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Branch and Bound Algorithm
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DSA for Beginners Learn more about Branch and Bound in DSA Self Paced Course
What is Branch and Bound Algorithm?
Branch and bound is an algorithm design paradigm which is generally used for solving combinatorial optimization problems. These problems are typically exponential in terms of time complexity and may require exploring all possible permutations in worst case. The Branch and Bound Algorithm technique solves these problems relatively quickly.
Example to show working of Branch and Bound Algorithm
Let us consider the 0/1 Knapsack problem to understand Branch and Bound.
There are many algorithms by which the knapsack problem can be solved:
- DP solution for 0/1 Knapsack
- Backtracking Solution for 0/1 Knapsack .
Let’s see the Branch and Bound Approach to solve the 0/1 Knapsack problem : The Backtracking Solution can be optimized if we know a bound on best possible solution subtree rooted with every node. If the best in subtree is worse than current best, we can simply ignore this node and its subtrees. So we compute bound (best solution) for every node and compare the bound with current best solution before exploring the node.
Example bounds used in below diagram are, A down can give $315, B down can $275, C down can $225, D down can $125 and E down can $30.
- Branch and Bound | Set 1 (Introduction with 0/1 Knapsack)
- Branch and Bound | Set 2 (Implementation of 0/1 Knapsack)
- Branch and Bound | Set 3 (8 puzzle Problem)
- Branch And Bound | Set 4 (Job Assignment Problem)
- Branch and Bound | Set 5 (N Queen Problem)
- Branch And Bound | Set 6 (Traveling Salesman Problem)
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Branch and Bound Algorithm for solving Assignment-probleem
I started doing Branch and Bound Algorithm for assignment problem in C++ and i can't find the right solution. First of all assignment problem example: Assignment problem
Ok so each person can be assigned to one job, and the idea is to assign each job to one of the person so that all the jobs are done in the quickest way.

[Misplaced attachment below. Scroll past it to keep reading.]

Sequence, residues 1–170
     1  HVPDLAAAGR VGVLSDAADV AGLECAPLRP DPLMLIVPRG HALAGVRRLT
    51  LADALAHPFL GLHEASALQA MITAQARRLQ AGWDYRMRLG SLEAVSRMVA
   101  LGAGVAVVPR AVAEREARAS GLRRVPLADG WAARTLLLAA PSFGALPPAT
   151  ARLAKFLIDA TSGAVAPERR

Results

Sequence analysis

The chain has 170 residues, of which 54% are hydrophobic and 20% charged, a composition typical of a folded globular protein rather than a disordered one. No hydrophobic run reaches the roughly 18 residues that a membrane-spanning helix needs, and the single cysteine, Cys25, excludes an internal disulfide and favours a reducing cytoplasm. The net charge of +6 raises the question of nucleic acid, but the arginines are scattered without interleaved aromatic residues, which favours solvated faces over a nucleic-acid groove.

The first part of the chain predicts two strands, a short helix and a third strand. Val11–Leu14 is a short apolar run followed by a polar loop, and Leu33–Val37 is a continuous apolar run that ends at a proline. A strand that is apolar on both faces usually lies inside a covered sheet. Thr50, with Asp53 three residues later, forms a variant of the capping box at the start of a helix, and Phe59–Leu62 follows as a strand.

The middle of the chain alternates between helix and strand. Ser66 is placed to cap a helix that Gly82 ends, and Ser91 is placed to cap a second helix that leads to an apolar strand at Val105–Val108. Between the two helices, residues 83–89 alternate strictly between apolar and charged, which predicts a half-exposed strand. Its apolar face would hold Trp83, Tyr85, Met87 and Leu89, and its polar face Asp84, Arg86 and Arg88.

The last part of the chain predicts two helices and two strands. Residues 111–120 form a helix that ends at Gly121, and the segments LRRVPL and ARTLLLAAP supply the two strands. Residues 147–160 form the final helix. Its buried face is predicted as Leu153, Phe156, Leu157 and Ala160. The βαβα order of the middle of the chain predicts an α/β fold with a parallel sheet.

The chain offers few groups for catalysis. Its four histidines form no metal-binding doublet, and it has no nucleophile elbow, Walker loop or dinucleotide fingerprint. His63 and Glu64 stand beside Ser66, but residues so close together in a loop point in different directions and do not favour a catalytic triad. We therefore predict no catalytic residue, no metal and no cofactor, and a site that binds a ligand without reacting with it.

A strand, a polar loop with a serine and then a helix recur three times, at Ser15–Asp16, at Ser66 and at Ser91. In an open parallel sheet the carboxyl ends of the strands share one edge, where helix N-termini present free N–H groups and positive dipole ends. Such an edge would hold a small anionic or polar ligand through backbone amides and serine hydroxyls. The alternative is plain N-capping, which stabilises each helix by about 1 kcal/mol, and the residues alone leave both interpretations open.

Here is my code so far:
I know i might be out of track. I didn't use lower bound in the beginning, i'm actually a little confused how this algorithm exactly works. So even step by step walktrough through the algorithm would be helpful.
- I forgot to say that my matrix is 2D vector, and setmatrix() and print() functions are just for filling and printing the matrix – whyunomad Jan 21, 2017 at 14:14
- What is your actual question? Is your code not working or are you just looking for an explanation for the assignment problem? – Michiel uit het Broek May 26, 2017 at 12:49
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- Published: December 1975
A branch and bound algorithm for the generalized assignment problem
- G. Terry Ross 1 &
- Richard M. Soland 2
Mathematical Programming volume 8 , pages 91–103 ( 1975 ) Cite this article
This paper describes what is termed the “generalized assignment problem”. It is a generalization of the ordinary assignment problem of linear programming in which multiple assignments of tasks to agents are limited by some resource available to the agents. A branch and bound algorithm is developed that solves the generalized assignment problem by solving a series of binary knapsack problems to determine the bounds. Computational results are cited for problems with up to 4 000 0–1 variables, and comparisons are made with other algorithms.
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V. Balachandran, “An integer generalized transportation model for optimal job assignment in computer networks”, Working Paper 34-72-3, Graduate School of Industrial Administration, Carnegie-Mellon University, Pittsburgh, Pa. (November, 1972).